2017-18 Season

Wolves 107, Pacers 90: The Happy New Year Edition

The Timberwolves ended 2017 on a dominant note, defeating the Indiana Pacers by 17 points. It was a game that they were expected to win, not only because the Wolves are a better team than the Pacers, but because Indy’s best player (Victor Oladipo) was out with an injury. This Wolves team is unpredictable, however, so nothing can ever be taken for granted. Especially on the road, against a team with a winning record (Indiana was 19-17 entering Sunday’s contest), and playing without starting point guard, Jeff Teague.

Plus-Minus stats pretty much tell the story of how the game went.

The starters rolled in this one. They opened the game on a 17-0 run and led by 10 after the first quarter. The Aaron Brooks-involved second unit looked pretty shaky after that, but they managed to bring an 11-point lead into halftime. From there, the starters put the game away in the third quarter, outscoring the Pacers 38 to 20 and building a huge enough lead to rest for the duration; a nice little perk, knowing that they had another game (at home, today, versus the LA Lakers) in 24 hours.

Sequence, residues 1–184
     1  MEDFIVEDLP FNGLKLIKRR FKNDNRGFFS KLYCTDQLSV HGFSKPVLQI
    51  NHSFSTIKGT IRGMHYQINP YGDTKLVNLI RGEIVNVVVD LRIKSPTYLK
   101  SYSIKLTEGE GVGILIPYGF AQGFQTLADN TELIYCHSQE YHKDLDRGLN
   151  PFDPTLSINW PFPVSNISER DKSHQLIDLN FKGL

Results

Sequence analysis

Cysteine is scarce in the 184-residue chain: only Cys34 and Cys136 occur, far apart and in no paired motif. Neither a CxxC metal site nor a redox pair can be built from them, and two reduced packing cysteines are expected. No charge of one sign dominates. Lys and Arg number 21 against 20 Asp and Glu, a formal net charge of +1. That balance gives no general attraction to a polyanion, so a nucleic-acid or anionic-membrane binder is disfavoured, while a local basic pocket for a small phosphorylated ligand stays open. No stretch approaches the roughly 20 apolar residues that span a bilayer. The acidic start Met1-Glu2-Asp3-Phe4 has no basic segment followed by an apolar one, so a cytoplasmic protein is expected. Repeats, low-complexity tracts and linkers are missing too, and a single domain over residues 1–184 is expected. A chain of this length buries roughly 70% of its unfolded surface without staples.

Karl-Anthony Towns has been playing better defense and smarter offense. Yesterday he had 6 blocks and managed to score 18 points on just 11 shot attempts. He had 13 rebounds, 4 assists, and 2 steals. In the last couple of weeks, Towns has seemed to settle into his role on this team. Adjusting to Butler and a winning context meant a priority shift from offense to defense. And within offense specifically, it meant from shooting to passing — and passing quickly, without holding the ball too long. Month by month this season, KAT’s defense has improved, and December was great offensively as well.

KAT played a tremendous all-around game against the Pacers.